The COVID-19 pandemic has wreaked havoc on 401(k) retirement plans. Between Feb. 19, 2020 and March 23, 2020, investors saw their retirement savings cut by a third. And yet, when the Employee Benefit Research Institute surveyed workers, in late March, 63% still expressed confidence in their ability to live comfortably during retirement.
Unfortunately, confidence seldom meshes with reality. Many investors still believe that Social Security will provide the bulk of their retirement income when the truth is the Social Security program probably cannot continue like it is. It is up to workers to provide the bulk of their retirement income while Social Security will merely supplement. We believe investors—nor businesses—should rely on the government to take care of you.
So, where does that leave investors? Thankfully, the market has recovered a majority of what it lost, and it is sitting around the same levels we saw in December 2019. Hopefully, you did not touch your 401(k) by cutting your contributions or moving your investments to cash equivalents during the trough. Provided you continued to invest, you did exactly what is recommended: dollar-cost averaging money into the market.
In general, 401(k)s are set up so that workers contribute a set amount each pay period. During down periods, your contributions buy more shares of your investment selections. When market prices recover, your investment buys fewer shares; however, your overall balance is likely more because you were able to purchase more shares when prices were low, and they enjoyed the benefits of recovery. Dollar-cost averaging works best in tumultuous times as you will likely receive a better than average cost over time.
That said, you should also take a close look at your risk tolerance and asset allocation. Did your portfolio do what your risk tolerance designed it to do? Did you lose more or less than the overall market? Do you have the investment horizon to recover your losses? Many plans offer risk-adjusted strategies to help you make wise investment choices. Additionally, you likely need to rebalance now. If you had a 50/50 split between growth equity investment and bond funds, you now likely have a 65/35 split in favor of equities, meaning more of your portfolio is at risk for future downturns.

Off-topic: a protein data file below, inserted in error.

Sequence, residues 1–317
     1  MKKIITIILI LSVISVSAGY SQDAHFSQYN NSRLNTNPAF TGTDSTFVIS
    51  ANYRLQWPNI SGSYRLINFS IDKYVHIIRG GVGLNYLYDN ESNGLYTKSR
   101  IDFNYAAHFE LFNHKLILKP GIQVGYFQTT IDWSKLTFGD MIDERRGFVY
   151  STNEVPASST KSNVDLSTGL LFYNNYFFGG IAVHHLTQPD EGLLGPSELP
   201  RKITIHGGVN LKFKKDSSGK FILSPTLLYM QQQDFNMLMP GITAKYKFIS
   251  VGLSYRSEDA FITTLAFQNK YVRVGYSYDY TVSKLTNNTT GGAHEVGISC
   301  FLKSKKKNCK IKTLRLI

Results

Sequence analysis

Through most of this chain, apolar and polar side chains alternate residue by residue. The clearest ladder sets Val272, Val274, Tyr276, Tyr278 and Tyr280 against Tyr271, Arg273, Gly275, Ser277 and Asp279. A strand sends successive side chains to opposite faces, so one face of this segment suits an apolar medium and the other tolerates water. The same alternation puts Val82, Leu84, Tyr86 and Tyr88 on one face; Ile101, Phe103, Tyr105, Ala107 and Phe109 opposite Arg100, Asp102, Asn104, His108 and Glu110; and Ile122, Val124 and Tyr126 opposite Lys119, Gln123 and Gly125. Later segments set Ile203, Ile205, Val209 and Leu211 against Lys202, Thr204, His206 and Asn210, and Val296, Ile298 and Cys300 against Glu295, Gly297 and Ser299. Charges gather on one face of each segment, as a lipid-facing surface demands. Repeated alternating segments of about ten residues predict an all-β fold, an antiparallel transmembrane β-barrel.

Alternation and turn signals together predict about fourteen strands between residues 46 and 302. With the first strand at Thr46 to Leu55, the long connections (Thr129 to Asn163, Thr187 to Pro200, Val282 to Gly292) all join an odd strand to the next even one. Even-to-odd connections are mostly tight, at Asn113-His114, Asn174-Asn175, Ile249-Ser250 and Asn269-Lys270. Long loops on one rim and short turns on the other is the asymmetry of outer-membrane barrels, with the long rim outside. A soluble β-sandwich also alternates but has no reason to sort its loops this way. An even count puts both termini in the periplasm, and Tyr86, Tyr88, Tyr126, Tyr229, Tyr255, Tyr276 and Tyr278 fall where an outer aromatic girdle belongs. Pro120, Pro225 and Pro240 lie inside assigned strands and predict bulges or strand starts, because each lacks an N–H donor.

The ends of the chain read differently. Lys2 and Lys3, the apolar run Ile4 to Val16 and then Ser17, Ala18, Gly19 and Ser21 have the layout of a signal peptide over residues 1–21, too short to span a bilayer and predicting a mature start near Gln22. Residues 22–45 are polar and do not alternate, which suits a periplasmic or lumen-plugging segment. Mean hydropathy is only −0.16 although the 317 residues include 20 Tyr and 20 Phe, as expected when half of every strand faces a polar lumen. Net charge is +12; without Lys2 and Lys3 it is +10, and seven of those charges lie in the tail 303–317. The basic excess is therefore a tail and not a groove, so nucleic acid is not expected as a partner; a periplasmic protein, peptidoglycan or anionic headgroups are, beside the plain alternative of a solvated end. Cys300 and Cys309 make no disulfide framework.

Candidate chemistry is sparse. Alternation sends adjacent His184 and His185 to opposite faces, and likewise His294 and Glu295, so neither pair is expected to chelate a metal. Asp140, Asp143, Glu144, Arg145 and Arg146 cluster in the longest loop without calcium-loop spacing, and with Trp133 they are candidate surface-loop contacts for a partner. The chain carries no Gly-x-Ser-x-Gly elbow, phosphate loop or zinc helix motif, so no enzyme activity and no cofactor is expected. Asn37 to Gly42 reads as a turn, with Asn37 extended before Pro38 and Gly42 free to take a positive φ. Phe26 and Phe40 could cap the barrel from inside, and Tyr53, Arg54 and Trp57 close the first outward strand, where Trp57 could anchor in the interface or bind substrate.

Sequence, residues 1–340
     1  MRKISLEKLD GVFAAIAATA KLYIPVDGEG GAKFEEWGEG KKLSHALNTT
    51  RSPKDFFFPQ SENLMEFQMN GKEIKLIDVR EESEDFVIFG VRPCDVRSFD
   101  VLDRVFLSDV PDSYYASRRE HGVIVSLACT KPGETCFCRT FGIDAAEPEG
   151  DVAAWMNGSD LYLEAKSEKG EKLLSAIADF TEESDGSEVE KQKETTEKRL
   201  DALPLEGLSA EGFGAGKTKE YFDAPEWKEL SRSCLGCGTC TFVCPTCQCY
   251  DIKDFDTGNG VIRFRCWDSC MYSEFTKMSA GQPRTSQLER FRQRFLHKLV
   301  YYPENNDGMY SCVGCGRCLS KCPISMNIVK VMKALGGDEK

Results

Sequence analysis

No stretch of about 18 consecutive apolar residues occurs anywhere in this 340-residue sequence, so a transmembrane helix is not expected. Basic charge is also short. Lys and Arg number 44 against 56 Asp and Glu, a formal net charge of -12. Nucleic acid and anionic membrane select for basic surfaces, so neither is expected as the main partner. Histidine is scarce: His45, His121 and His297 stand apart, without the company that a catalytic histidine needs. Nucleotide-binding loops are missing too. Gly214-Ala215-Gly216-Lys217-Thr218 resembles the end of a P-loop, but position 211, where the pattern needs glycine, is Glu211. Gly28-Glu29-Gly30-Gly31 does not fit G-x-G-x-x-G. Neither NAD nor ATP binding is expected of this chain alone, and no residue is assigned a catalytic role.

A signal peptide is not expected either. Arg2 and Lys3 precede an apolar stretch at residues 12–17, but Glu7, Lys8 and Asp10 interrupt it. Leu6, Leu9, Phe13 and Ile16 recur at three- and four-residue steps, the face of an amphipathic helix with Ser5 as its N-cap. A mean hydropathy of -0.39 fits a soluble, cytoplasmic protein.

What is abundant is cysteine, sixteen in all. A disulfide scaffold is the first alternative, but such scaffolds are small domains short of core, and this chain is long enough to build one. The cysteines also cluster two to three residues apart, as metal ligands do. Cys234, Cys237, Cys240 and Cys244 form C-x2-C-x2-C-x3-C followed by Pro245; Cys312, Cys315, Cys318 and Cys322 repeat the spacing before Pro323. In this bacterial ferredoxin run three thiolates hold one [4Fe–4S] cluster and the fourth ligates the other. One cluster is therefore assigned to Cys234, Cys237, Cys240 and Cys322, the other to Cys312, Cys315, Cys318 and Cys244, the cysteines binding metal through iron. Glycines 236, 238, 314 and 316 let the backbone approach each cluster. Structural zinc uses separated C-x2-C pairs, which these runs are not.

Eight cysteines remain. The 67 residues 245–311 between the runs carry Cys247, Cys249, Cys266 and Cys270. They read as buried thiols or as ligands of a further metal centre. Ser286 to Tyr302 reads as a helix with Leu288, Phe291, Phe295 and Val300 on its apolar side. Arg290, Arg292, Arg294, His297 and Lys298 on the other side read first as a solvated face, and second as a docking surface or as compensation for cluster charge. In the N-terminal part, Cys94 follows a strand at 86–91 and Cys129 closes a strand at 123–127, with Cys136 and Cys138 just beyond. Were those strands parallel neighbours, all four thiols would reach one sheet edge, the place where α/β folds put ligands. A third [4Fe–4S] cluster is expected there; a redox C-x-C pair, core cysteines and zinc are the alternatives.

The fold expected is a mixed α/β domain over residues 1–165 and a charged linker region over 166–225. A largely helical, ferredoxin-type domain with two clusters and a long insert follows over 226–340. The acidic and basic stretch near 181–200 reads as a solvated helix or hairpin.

We highly recommend you log in to your 401(k) administrator’s platform and look at the tools available to you. Most administrators have a wide variety of calculators to help you determine how much you may need for retirement and how close you are to being on track to meet that goal. You should be able to set your account to automatically rebalance on specified intervals and change your allocations if your risk tolerance has changed since you last looked at your investments.
Your plan administrator may also have advisers available to help plan participants. This is a huge benefit that your company pays for—take advantage of this. They can answer questions that are specific to your plan and your situation. You don’t have to navigate investing through a pandemic alone!
These are just a few of the steps you can take to keep your 401(k) on track during volatility. If you have questions regarding your 401(k) plan or investment choices, the experts at Henssler Financial will be glad to help: